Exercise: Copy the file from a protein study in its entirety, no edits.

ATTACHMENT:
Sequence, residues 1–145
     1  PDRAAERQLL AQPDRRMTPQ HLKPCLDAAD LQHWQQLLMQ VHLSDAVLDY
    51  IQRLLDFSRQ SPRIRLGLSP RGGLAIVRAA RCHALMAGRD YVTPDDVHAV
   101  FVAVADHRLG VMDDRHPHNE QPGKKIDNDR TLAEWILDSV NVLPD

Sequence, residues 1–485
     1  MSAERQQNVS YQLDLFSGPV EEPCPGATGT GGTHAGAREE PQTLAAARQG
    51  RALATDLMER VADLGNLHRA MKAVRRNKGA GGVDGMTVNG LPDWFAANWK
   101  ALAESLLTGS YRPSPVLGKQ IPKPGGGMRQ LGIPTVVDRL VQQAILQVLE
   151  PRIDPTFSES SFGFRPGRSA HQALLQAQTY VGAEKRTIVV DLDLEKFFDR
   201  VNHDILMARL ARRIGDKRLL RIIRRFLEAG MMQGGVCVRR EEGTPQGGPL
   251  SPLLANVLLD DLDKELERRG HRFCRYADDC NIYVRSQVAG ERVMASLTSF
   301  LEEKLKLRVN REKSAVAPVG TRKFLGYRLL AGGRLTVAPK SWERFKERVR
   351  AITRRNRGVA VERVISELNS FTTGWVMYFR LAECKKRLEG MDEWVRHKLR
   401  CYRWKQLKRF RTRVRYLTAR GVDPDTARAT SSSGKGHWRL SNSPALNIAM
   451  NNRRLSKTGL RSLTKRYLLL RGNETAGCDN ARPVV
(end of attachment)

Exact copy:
Sequence, residues 1–145
     1  PDRAAERQLL AQPDRRMTPQ HLKPCLDAAD LQHWQQLLMQ VHLSDAVLDY
    51  IQRLLDFSRQ SPRIRLGLSP RGGLAIVRAA RCHALMAGRD YVTPDDVHAV
   101  FVAVADHRLG VMDDRHPHNE QPGKKIDNDR TLAEWILDSV NVLPD

Sequence, residues 1–485
     1  MSAERQQNVS YQLDLFSGPV EEPCPGATGT GGTHAGAREE PQTLAAARQG
    51  RALATDLMER VADLGNLHRA MKAVRRNKGA GGVDGMTVNG LPDWFAANWK
   101  ALAESLLTGS YRPSPVLGKQ IPKPGGGMRQ LGIPTVVDRL VQQAILQVLE
   151  PRIDPTFSES SFGFRPGRSA HQALLQAQTY VGAEKRTIVV DLDLEKFFDR
   201  VNHDILMARL ARRIGDKRLL RIIRRFLEAG MMQGGVCVRR EEGTPQGGPL
   251  SPLLANVLLD DLDKELERRG HRFCRYADDC NIYVRSQVAG ERVMASLTSF
   301  LEEKLKLRVN REKSAVAPVG TRKFLGYRLL AGGRLTVAPK SWERFKERVR
   351  AITRRNRGVA VERVISELNS FTTGWVMYFR LAECKKRLEG MDEWVRHKLR
   401  CYRWKQLKRF RTRVRYLTAR GVDPDTARAT SSSGKGHWRL SNSPALNIAM
   451  NNRRLSKTGL RSLTKRYLLL RGNETAGCDN ARPVV